For the past 50 years, the Wetlands & Wildlife Care Center has been a beacon of hope for injured and orphaned wildlife in Southern California. Over the years, the center has seen thousands of patients come through its doors for treatment, many of whom were abandoned or injured by humans. From those with oiled feathers or fur, fishing line, and hooks, shot with arrows and bullets, and those hit by cars or orphaned, the center has served as an invaluable resource that saves many lives every year.
In honor of this achievement, the Wetlands & Wildlife Care Center is hosting their Groovin’ with the Gulls Gala and Silent Auction Fundraiser on the 12th of November in beautiful Newport Beach. Tickets to the event are $150 per person or $1,200 for table sponsorship, and all proceeds will go towards the Center’s efforts for rescue, rehabilitation, and release of injured and orphaned native wildlife. The event will feature dinner, a silent auction of donated items, live music, fun, and much more.
Azi Sharif, the Gala Committee Chairperson, says the Wetlands & Wildlife Center will also feature some unique birds that have been rescued, rehabilitated, and successfully released back to their habitats.
“It has been incredible to see these beautiful animals cared for by such a dedicated team of staff, technicians, and volunteers,” Sharif shares. “I have been so inspired that I decided to paint and feature some of these special wildlife species as a part of the FashWand Wildlife Jewels® Collection. I will be revealing sneak peeks from this new collection at our upcoming Gala and will be sharing their stories, art, and fashion designs inspired by them. We will also be sharing the causes of their injuries as well as what each and every one of us can do to help protect our wildlife neighbors.”
“The center is a 501(C)3 non-profit facility that survives on generous donations,” says Debbie McGuire, the Wetlands & Wildlife Care Center Executive Director. “It was established to provide care for native wildlife and to educate the general public about wildlife and their habitat.”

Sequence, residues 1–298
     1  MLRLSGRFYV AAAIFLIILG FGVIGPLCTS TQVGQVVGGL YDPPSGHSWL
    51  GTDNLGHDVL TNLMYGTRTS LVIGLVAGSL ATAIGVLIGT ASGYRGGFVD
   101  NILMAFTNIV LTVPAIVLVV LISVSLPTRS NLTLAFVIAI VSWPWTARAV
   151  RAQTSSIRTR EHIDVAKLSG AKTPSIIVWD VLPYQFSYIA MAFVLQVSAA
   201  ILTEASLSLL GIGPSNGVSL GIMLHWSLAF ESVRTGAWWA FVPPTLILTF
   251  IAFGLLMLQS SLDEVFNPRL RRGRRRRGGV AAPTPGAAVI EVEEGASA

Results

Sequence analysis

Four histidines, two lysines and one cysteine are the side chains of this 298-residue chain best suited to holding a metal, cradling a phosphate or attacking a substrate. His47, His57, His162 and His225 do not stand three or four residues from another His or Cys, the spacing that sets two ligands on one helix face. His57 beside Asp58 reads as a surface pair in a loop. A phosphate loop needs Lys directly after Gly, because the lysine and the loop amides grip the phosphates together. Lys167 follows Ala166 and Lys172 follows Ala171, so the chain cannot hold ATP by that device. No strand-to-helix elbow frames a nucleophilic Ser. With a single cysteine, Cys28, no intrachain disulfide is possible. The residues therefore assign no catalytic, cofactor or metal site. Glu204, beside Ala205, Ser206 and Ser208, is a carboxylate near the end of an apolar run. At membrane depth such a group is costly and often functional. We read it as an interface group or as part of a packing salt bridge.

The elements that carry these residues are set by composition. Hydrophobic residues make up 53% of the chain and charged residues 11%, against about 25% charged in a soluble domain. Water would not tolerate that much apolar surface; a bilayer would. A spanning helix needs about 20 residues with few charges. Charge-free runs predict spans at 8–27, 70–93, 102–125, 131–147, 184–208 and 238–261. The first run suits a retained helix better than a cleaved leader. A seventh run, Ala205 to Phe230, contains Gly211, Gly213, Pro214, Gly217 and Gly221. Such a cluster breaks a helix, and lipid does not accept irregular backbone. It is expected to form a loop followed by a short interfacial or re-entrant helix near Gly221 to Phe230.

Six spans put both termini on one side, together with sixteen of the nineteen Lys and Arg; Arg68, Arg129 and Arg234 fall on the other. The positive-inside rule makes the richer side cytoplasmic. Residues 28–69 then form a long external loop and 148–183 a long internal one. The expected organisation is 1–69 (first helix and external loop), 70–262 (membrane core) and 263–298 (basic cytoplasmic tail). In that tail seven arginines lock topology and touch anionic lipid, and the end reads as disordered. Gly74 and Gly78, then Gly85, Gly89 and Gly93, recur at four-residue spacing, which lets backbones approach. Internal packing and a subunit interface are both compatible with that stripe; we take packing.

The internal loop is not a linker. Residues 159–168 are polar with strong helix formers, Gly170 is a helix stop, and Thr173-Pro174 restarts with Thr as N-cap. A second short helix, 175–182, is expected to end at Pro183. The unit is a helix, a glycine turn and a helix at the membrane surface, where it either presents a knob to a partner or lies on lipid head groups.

Debbie explains that this nongovernmental facility is staffed with licensed volunteer veterinarians, trained wildlife technicians, and volunteers who keep it going. It can care for 400 birds and mammals at a time, with an emergency capacity of 1,000. The center is also 1 of only 2 permitted hummingbird rehabilitation facilities in all of Orange County, CA. Debbie says more than 600 hummingbirds come in annually with a release rate higher than the national average.
From 1990 to date, Debbie has dedicated most of her time to caring for these endangered birds and other wildlife species. This journey began when an oil tanker, the American Trader, punctured its hull and spilled over 400,000 gallons of crude oil off the coast of Huntington Beach. Over 4,000 birds suffered from this spillage, and only 15% survived despite receiving treatment at a makeshift facility.
In response to that, Debbie and a group of like-minded individuals began taking steps toward providing a permanent facility capable of responding to the wildlife injured in future toxic spills and other interactions with people. Their efforts paid off in March 1998 when the Wetlands & Wildlife Care Center opened its doors. Since then, the team has treated hundreds of thousands of birds and mammals, educated the community, and offered intensive training to qualified volunteers.
“The Wetlands & Wildlife Care Center is only able to stay open through generous donations from the public,” Debbie explains. “We count on our partnerships with organizations, businesses, and individuals like you.” You can contact Azi Sharif at email@example.com to support the center’s fundraising endeavors and sponsorship opportunities.
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